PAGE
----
There were 367 deaths from alprazolam (Xanax) mixed with fentanyl analogs, as disclosed in the FMEC report. Nefarious drug dealers will mix fentanyl and fentanyl analogs with other drugs to stretch their supply of the requested drug. The Drug Enforcement Administration (DEA) stressed in their “One Pill Can Kill” Public Safety Alert that counterfeit pills with fentanyl have increased dramatically to 430 percent since 2019. Its lab reports that two of every five pills contained a deadly dose of fentanyl.
One of the most counterfeited pills made is alprazolam and its brand name Xanax. Fake pills are easy to obtain online, and on social media, the DEA says. There is no way to know if the alprazolam or other benzodiazepine you want to buy is the real medicine or the fake one.
Benzodiazepine addiction can compel you to seek your benzo of choice from unscrupulous dealers, doctors, and fake pharmacies. Abusing benzos can result in serious medical problems and possibly death. If you aspire to get benzodiazepine treatment and detox and live in Fort Lauderdale or Broward County, hope is located nearby at Arete Recovery.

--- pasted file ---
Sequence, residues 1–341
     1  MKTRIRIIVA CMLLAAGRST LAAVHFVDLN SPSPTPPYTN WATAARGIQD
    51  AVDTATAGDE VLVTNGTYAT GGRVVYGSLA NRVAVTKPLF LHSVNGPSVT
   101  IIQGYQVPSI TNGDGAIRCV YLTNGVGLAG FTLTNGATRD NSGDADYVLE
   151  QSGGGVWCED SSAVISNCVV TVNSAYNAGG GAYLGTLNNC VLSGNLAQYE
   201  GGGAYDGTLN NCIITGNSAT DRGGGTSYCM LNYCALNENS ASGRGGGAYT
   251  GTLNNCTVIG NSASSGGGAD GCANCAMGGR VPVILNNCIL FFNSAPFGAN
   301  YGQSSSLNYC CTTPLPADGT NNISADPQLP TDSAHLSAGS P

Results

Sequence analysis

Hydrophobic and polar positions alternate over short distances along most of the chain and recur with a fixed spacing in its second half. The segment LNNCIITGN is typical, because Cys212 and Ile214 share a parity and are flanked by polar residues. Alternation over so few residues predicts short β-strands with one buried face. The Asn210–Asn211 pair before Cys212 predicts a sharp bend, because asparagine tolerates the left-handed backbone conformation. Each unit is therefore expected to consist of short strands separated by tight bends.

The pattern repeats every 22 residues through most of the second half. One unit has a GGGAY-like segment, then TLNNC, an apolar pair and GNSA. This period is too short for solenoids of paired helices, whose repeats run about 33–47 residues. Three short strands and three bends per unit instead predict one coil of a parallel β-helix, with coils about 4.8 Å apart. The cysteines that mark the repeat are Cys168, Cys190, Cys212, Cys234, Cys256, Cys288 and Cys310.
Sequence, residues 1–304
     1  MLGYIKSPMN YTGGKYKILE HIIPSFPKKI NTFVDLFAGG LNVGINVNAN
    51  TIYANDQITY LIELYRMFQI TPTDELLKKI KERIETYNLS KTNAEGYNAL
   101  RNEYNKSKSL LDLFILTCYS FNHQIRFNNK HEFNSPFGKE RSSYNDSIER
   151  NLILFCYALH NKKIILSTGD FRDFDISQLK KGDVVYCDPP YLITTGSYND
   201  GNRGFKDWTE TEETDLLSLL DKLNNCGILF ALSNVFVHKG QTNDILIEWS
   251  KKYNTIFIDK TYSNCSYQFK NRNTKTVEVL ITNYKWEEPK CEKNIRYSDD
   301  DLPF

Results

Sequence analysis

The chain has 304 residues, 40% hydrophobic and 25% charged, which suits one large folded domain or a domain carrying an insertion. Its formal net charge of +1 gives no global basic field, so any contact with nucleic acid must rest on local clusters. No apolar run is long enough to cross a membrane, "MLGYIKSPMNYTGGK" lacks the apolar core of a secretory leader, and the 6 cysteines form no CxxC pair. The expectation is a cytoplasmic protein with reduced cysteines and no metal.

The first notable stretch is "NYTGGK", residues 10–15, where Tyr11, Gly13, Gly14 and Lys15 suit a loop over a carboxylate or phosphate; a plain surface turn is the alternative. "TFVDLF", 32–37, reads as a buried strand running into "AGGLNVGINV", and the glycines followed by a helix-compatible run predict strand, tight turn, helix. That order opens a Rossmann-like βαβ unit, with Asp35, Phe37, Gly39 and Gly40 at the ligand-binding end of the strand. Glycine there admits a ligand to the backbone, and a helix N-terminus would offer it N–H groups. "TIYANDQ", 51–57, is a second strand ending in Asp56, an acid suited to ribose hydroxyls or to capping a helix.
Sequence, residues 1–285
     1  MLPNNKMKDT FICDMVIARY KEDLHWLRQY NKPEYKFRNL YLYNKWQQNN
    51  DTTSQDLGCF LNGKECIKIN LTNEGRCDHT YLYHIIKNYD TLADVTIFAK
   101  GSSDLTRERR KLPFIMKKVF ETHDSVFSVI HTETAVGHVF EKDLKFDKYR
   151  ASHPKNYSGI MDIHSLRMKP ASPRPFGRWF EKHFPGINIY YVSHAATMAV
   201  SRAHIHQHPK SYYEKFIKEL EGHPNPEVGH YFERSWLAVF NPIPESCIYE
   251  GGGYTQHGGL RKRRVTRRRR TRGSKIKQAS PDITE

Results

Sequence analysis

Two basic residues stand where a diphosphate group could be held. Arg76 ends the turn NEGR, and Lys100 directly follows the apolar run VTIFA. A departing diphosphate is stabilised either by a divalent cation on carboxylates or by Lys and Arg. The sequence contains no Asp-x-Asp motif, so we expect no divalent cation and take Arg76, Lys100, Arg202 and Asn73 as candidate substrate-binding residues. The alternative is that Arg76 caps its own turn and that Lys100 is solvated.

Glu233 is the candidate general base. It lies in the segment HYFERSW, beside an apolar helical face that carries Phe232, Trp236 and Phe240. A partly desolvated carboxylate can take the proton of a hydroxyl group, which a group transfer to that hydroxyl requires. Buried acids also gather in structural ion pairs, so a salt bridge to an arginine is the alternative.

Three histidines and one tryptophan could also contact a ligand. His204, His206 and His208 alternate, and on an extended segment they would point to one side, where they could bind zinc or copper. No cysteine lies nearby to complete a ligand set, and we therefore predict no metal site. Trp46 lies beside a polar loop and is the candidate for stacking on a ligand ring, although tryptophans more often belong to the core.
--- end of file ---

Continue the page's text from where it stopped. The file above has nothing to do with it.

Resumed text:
Arete Recovery Drug Rehab in Fort Lauderdale
Drug rehab in Fort Lauderdale is easily accessible to every city and town. Arete Recovery, located in Pembroke Pines, has been successful in helping many benzo-addicted individuals stop abusing the drugs and start their lives anew.
Benzodiazepine treatment begins with an evaluation of your most urgent needs and a treatment plan unique to you that is developed with your input. Once this is complete, you will likely be admitted to detox, where you will be observed 24/7 to ensure you are medically stable and comfortable as you begin the withdrawal process.